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Introduction to the Waterways of France

By: Thomas Muller - Updated: 22 Apr 2010 | comments*Discuss
 
Introduction To The Waterways Of France

Is there a more perfect home for the laid-back way of life enjoyed by the liveaboard community than the seemingly endless scenic waterways of France?

Limitless Potential

Boasting not only Europe’s most extensive waterway network outside of Russia - nearly 5,470 miles of navigable rivers and canals – but waters that also pass through a unique landscape rich with picturesque cities, towns and countryside and steeped in history and culture. The potential for the able boater with a lust for exploration is boundless.

The country’s considerable network of canals was largely built in the 19th century to link up the main rivers and thereby facilitate trading routes. The trade may have dried up somewhat but these canals make life easy for the boater keen to explore the whole country.

The Seine

For those venturing across the Channel, the more direct passage into the heart of France is secured along the Seine from the port of Le Havre. However, despite being one of the longest and inland navigation routes in France – and its most recognised - the Seine actually carries comparatively little leisure traffic. This is due to the large commercial ships that dominate. The stretch downstream of Paris is particularly intimidating for small vessels.

Nevertheless it is the most direct route into Paris, and few boaters can resist the temptation of seeing the majestic city from the water. It is easier going south of Paris, where up until Saint-Mammès there are comparatively few locks and the countryside is bucolic. From there the Seine leads into two of the best-loved boating regions in the whole of France, Burgundy and the Loire.

Burgundy and the Loire Valley

Although in part designed to provide vital north-west passage linking up the Seine and the Rhône, the spread of canals in France’s eastern centre also provide a wealth of navigational treasures along the way.

The 150 mile long Canal de Bourgogne provides a particularly pleasant thoroughfare through the very pretty scenery of the Côte-d'Or, Burgundy – including the sacred splendour of mustard capital Dijon – as well as the Yonne, with Tonnerre’s rich tapestry of historic castles, abbeys and vineyards. The 198 locks that pepper the route provide some respite from the dreamy surroundings.

Within this broad region are also the canals Loing, Briare, Centre and latéral à la Loire. Together they form the ‘Bourbonnais Route’, a popular canal passage down to the Rhône and ultimately the Mediterranean. However, with such eye candy as Gustave Eiffel’s magnificent 662 metre long aqueduct at Briare, the beautiful hilltop town of Sancrerre and fields upon fields of sunflowers, they are a destination in themselves.

In fact the 162 mile stretch of Loire valley to the west between Sully-sur-Loire and Chalonnes-sur-Loire is so remarkable it is a World Heritage Site. Unfortunately although the Loire heads all the way out to the Bay of Biscay at St Nazaire, much of it is no longer navigable by anything other than rowing boats.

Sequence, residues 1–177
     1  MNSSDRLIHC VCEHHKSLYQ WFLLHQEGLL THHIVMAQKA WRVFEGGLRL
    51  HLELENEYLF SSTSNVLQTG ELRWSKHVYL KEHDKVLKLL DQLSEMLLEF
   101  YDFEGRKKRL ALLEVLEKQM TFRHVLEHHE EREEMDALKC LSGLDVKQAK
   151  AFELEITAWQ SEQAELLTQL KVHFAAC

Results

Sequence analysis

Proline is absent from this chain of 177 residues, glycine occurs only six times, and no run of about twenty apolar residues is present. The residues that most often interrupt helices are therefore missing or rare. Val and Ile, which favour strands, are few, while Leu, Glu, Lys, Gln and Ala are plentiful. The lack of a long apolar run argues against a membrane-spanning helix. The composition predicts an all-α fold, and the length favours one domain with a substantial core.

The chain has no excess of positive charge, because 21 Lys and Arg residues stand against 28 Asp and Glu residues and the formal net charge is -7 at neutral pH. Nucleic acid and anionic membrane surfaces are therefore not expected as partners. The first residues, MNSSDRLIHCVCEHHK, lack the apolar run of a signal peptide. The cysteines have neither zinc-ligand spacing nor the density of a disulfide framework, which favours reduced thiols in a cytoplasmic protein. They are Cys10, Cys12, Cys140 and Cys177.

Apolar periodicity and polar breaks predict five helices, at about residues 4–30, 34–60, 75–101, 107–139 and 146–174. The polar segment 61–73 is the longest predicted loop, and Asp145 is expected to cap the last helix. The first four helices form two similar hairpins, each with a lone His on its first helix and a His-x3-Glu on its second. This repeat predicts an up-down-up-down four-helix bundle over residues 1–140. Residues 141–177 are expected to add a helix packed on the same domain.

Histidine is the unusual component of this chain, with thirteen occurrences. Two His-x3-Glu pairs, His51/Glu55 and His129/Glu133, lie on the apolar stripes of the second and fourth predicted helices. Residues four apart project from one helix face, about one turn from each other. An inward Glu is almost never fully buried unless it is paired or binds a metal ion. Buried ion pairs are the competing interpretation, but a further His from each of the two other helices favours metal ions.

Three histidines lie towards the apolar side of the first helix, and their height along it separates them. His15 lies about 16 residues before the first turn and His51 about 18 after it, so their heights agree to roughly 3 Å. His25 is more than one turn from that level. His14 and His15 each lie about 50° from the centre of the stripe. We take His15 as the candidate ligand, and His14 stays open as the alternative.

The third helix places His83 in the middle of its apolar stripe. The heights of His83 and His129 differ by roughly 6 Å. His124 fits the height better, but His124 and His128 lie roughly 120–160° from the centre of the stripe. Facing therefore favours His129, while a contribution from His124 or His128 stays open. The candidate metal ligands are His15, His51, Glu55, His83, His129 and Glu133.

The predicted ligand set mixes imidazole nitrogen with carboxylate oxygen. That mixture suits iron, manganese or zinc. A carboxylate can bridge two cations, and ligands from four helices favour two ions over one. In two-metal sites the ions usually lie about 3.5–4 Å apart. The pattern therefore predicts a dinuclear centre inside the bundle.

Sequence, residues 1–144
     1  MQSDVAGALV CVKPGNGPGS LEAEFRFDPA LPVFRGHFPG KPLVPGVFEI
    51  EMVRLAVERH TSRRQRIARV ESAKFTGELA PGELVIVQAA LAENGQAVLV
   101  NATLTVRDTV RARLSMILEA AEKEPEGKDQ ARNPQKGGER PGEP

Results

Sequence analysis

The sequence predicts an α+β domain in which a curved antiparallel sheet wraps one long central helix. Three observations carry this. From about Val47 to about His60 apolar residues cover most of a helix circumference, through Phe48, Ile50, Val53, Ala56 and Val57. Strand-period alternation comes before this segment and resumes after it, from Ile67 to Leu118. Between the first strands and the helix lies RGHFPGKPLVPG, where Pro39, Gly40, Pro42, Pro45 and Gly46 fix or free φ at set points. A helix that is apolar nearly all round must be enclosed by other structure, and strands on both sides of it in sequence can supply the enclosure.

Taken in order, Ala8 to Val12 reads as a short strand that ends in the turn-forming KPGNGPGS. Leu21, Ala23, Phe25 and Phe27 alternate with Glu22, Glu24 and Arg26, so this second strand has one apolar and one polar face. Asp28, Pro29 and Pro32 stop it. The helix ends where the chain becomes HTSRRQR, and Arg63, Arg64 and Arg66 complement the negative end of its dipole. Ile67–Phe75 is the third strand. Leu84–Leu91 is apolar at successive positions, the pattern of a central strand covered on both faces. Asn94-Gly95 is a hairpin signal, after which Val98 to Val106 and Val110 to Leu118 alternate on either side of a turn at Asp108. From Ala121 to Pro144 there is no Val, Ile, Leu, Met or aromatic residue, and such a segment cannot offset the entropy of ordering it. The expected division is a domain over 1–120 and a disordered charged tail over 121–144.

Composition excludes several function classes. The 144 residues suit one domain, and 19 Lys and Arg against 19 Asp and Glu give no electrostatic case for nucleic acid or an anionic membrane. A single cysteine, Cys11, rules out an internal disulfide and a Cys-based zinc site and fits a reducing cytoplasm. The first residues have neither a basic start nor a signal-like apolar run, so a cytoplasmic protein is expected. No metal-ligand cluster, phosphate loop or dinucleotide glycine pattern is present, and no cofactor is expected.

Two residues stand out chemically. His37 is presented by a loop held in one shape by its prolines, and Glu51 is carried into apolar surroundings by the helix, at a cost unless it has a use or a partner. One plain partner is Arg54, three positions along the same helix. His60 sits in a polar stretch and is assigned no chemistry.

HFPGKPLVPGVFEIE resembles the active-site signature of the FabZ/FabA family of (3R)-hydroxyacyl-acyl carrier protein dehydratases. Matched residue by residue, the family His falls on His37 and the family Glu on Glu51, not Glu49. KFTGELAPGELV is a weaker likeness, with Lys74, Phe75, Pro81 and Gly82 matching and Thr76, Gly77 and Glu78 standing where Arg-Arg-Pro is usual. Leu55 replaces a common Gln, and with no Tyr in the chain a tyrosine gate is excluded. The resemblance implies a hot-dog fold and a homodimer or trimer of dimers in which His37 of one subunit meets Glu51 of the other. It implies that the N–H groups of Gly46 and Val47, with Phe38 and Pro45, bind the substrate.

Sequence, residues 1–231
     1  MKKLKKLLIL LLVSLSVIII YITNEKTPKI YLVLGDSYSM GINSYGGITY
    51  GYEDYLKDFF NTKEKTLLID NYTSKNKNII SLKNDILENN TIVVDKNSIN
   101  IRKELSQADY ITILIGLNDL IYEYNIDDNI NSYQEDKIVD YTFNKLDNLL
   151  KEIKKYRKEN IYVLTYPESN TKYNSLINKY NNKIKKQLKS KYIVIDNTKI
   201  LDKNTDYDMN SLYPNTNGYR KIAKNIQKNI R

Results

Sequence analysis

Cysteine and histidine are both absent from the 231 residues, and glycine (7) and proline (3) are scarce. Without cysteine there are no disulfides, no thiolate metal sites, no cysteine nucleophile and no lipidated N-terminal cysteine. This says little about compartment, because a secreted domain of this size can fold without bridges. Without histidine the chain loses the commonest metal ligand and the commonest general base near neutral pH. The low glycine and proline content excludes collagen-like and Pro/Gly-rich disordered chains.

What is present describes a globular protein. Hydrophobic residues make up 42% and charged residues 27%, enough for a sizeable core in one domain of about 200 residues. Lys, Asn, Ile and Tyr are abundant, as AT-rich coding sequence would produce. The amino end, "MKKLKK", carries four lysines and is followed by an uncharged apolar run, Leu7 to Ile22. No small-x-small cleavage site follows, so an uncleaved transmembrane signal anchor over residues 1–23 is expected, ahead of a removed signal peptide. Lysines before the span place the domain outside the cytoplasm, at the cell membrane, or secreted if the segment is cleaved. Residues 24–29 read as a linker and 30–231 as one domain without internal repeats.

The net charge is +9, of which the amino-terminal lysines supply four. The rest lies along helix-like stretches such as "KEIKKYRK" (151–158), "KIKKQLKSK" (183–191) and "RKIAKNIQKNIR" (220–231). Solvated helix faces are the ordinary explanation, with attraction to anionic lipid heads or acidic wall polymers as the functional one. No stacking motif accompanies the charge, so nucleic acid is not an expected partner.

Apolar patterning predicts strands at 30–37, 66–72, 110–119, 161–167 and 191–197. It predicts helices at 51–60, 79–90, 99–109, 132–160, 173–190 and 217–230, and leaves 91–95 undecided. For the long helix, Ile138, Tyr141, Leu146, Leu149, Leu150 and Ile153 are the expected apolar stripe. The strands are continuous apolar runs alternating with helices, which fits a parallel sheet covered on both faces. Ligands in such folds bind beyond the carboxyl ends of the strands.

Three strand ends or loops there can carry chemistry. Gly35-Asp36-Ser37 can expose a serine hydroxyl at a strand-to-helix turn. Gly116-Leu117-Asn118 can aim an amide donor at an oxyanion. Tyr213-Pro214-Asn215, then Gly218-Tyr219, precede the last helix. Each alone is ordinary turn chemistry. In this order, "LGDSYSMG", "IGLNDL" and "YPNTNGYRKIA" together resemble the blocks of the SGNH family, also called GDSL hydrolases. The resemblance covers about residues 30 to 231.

Alsace

From the central canal region, the Rhône tributary the Saône is a popular access point for the eastern reaches of the country. Unlike the deep and wide lower Saône with its enormous modern locks, the upper section offers very pleasant navigation, passing through pretty small towns and villages before leading into the Canal de L’Est towards Nantes. The Canal Rhône au Rhin also offers a convenient eastward route towards the border cities of Basel and Strasbourg. These routes unlock the potential for exploring the tiny Alsace region with its striking fortified towns, dramatic Black Forest and Vosges mountains.

Down to the Med

The Lower Saône is the gateway down to the Mediteranean, leading from Chalon, through Macon and the region’s vast array of vineyards, before it joins up with the strong currents of the mighty Rhône at France’s gastronomy capital of Lyon.

Canal des Deux Mers

Many miles westwards along the coast from the mouth of the Rhône is Sète, the beginning of the Canal des Deux Mers. This waterway connects the Med with the Bay of Biscay at Bordeaux and is comprised of the Canal de Garonne and the much celebrated Canal du Midi.

Of all France’s waterways the Canal du Midi is easily the most popular with visitors, attracting a fifth of all the country’s river tourism.

They are attracted not only by its status as an engineering and historical marvel but also because it cuts through some of France’s loveliest countryside.

BrittanyAs a region surrounded on three sides by water it is perhaps surprising that Brittany offers its own substantial network of canals and rivers, with more than 370 miles of navigable waterways reserved for leisure activities and boating.

Its two main routes are the Canal de Nantes à Brest, which runs east west between the two city ports, the Canal Ille et Rance which passes through Breton capital Rennes.

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